Available in traditionally large selection of trim choices, the new Ram 1500 offers both the traditional blue-collar sturdiness and plushness of a luxury car, not to mention everything in between the two extremes.
New for MY 2020 are the unconventional asymmetrical split-opening tailgate, some color arrangements, and a well-known turbo-diesel V6 engine. Furthermore, Ram has unveiled the new high-end Night Edition which boasts an all-black demeanor and starts from $53,000.
Prices are set to $33,000 for the entry-level Tradesman trim with a two-wheel drive, a Quad Cab setup, and a long bed. On the other hand, the most expensive Limited trim with a four-wheel drive and a Crew Cab setup costs more than $58,000.
There are three engines to choose from. The base Ram 1500’s get the rejuvenated 3.6L V6 with an eTorque mild-hybrid system which now makes 305 horses and 269 lb-ft of torque.
The optional gas burner also sports the new 48-volt motor/generator but provides 395 horsepower and 410 pound-feet of torque. After all, it’s the 5.7L V8 we’re speaking of here. Unlike the Pentastar V6 where this system is mandatory, the pushrod’s mild-hybrid setup is actually optional. Both engines are paired with a new 8-speed automatic transmission and are available in both the rear and all-wheel drive setups.
Those in need of even better efficiency and a higher torque output will opt for the expensive new ecodiesel engine upgrade. A 3.0L turbo-diesel V6 has been heavily reworked and now boasts higher figures across the board. Not only is it now making 260 hp and 480 lb-ft of torque, but the Ram 1500 ecodiesel also boasts towing capacity of up to 12,560 pounds. This makes it the most powerful half-ton diesel truck on the market.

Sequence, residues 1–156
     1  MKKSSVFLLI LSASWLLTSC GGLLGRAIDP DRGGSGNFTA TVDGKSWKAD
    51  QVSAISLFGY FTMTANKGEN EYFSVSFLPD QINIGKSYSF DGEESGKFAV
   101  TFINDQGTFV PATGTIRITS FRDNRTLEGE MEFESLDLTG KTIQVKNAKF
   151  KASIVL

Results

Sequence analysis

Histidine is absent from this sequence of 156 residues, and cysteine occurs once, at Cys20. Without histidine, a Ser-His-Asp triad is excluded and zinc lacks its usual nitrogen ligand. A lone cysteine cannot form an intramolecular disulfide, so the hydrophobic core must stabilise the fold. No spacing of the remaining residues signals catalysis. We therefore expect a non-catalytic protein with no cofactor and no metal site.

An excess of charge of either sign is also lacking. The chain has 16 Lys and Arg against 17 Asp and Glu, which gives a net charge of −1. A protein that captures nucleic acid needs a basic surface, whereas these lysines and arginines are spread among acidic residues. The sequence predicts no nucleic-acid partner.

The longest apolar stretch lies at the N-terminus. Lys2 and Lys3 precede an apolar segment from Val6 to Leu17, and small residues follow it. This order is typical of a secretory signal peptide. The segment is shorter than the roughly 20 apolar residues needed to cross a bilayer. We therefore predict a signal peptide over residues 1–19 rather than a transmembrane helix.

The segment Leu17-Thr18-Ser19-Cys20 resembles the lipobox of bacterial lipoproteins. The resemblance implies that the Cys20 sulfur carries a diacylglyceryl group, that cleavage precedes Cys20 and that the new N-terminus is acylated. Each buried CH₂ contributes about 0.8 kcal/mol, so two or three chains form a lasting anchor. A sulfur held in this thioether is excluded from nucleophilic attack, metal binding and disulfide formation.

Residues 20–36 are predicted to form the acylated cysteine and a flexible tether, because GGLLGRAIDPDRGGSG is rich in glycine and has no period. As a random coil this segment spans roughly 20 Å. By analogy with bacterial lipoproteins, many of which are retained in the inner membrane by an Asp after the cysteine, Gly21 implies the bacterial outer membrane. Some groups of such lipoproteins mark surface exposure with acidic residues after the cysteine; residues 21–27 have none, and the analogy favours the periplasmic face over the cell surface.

What’s Not in the New 2020 Ram Lineup
01. 2020 ProMaster and ProMaster City
Chrysler hasn’t produced a fully independently-built van since 2003 when the old Dodge B Series went into retirement and got replaced by a lighter Mercedes-Benz-based Dodge Sprinter. After the Chrysler-Daimler marriage ended up in a divorce and the smallest of the “big three” American car manufacturers got remarried to Fiat, the Sprinter mold got replaced by a similar Fiat Ducato alternative. Thus the current generation of Ram ProMaster vans made its debut in late 2013.
With 46,600 units of the ProMaster and 13,788 units of the smaller ProMaster City vans sold in the U.S. during 2018, FCA can’t afford to get complacent. That’s why the entire range was finally revised for MY 2019 in order to fit the company’s newfound design strategy. This means the crosshair grille has departed the van lineup as well, but there aren’t too many changes to the unibody structure otherwise.
Available in 118-inch, 136-inch, and 159-inch wheelbase lengths, the ProMaster stands out as one of the most versatile options on the market – especially now that the mid-length wheelbase has been made available on the larger ProMaster 3500. However, its age is now more than evident. Furthermore, FCA’s offering is one of the least agile options on the market.
There are no changes in the ProMaster van’s powertrain department. The smaller Ram ProMaster City carries over with its 2.4L naturally aspirated 4-cylinder engine capable of putting up 178 horsepower and 174 lb-ft of torque. This engine is paired to a somewhat clumsy 9-speed auto – especially at low speeds.
The larger Ram ProMaster uses a 3.6L V6 and a 6-speed auto combo which gives it 280 ponies and 260 pound-feet of rotational force. If properly fitted, this should be enough for it to carry up to 4,680 pounds or tow up to 6,800 pounds.
Prices for the entry-level ProMaster City cargo van start from just under $26,000 with the passenger version warranting almost $27,500 and the larger regular-wheelbase ProMaster van ringing in at a $32,000 minimum.